CLOTEL, or, The President’s Daughter
by William Wells Brown
Penguin Classics, 320 pages
reviewed by Dylan Cook
Purchase this book to benefit Cleaver
In 1998, scientists performed a DNA test to answer one of the longest-running rumors in American history. Historians could no longer deny the truth: Yes, Thomas Jefferson had fathered children with his slave Sally Hemings. But plenty of people already knew that. William Wells Brown knew this beyond a reasonable doubt when he published Clotel in 1853, a novel that imagines the lives and tribulations of Jefferson’s slave-born daughters. The characters are all fictional, but Brown’s creative liberties stray little from reality. Masters frequently made concubines of their slaves, so why would Jefferson be any exception? Jefferson’s words that “all men are created equal” were a farce in Brown’s eyes, because only in antebellum America could a president’s daughter be born in chains.
The 1850s were an uncommonly productive decade in American literature. Nathaniel Hawthorne published The Scarlet Letter in 1850 and Herman Melville published Moby-Dick a year later. Walt Whitman released the first edition of Leaves of Grass while Emily Dickinson trickled out the first of her poems. These works went on to become mainstays of high school and college curricula while Clotel, the first novel by an African American, undeservedly fell into relative obscurity.
The 1850s were an uncommonly productive decade in American literature. Nathaniel Hawthorne published The Scarlet Letter in 1850 and Herman Melville published Moby-Dick a year later. Walt Whitman released the first edition of Leaves of Grass while Emily Dickinson trickled out the first of her poems. These works went on to become mainstays of high school and college curricula while Clotel, the first novel by an African American, undeservedly fell into relative obscurity. Within its pages, Clotel mingles some of the best elements of each of these authors. Brown has Hawthorne’s critical eye for religion, Melville’s encyclopedic dedication to facts, and Whitman and Dickinson’s curiosity for human lives. At the same time, Brown writes with an authoritative talent for social commentary that places him in a category all his own.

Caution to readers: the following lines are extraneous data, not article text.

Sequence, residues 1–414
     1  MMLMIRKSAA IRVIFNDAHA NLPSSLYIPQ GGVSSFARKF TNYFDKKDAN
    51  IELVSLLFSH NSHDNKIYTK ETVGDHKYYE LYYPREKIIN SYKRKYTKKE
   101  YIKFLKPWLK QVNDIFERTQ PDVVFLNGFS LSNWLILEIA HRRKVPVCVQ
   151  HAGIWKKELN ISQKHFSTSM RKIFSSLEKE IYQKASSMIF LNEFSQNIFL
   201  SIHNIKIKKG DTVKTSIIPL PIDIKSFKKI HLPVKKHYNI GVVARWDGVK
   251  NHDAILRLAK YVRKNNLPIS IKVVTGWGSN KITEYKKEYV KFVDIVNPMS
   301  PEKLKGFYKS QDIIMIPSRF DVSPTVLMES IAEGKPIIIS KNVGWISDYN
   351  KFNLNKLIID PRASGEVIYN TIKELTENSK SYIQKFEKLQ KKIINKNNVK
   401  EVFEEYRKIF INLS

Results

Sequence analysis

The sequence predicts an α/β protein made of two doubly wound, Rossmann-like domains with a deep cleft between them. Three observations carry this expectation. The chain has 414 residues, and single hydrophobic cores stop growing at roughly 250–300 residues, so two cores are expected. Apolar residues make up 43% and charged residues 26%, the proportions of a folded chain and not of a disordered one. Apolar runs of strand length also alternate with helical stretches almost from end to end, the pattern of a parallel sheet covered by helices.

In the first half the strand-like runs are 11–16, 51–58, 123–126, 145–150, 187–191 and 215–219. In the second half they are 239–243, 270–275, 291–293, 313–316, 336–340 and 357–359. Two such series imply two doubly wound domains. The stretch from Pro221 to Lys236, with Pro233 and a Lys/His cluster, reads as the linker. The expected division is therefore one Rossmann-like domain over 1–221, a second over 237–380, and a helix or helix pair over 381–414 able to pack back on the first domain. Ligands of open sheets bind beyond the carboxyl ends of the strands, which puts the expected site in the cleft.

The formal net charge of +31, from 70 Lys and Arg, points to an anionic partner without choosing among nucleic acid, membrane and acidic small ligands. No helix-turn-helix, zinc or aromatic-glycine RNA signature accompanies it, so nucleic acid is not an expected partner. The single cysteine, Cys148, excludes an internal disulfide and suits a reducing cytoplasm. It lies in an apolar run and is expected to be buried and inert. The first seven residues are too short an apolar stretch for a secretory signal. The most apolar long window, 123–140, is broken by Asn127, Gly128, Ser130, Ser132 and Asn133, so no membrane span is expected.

Brown was already an established name by the time he wrote Clotel. His memoir, the Narrative of William W. Brown, was one of the best selling ex-slave narratives of the 1840s, second only to that of Frederick Douglass. He wrote his debut novel while living in exile in England to escape the grasp of the Fugitive Slave Act. He returned to the United States to lecture on abolition across the country, all while continuing to write plays, memoirs, and other nonfiction. Clotel’s influence can be seen scattered throughout the American canon. Brown’s depictions of passing, “tragic mulatto” characters, and other racial themes would be further developed by contemporaries like Frank J. Webb, later writers like Charles W. Chesnutt, and much later figures of the Harlem Renaissance and beyond.
The novel may be titled for Clotel, but it divides its attention equally between Clotel, her mother Currer, and her sister Althesa. After Jefferson’s death, his daughters and Currer are sold to the highest bidders, by which point their relation to the former president has been ignored. The family is separated and spread out across the South. Clotel and Althesa are sold to men who intend to take them as illegitimate wives, while Currer has been sold to a tyrannical plantation owner. As each navigates the unique circumstances of their enslavement, each woman swims against the current to try to reunite the family.
By placing the women in dramatically different scenarios, Brown constructs a broad cross-section of the United States, from which he criticizes white America’s many faces of hypocrisy.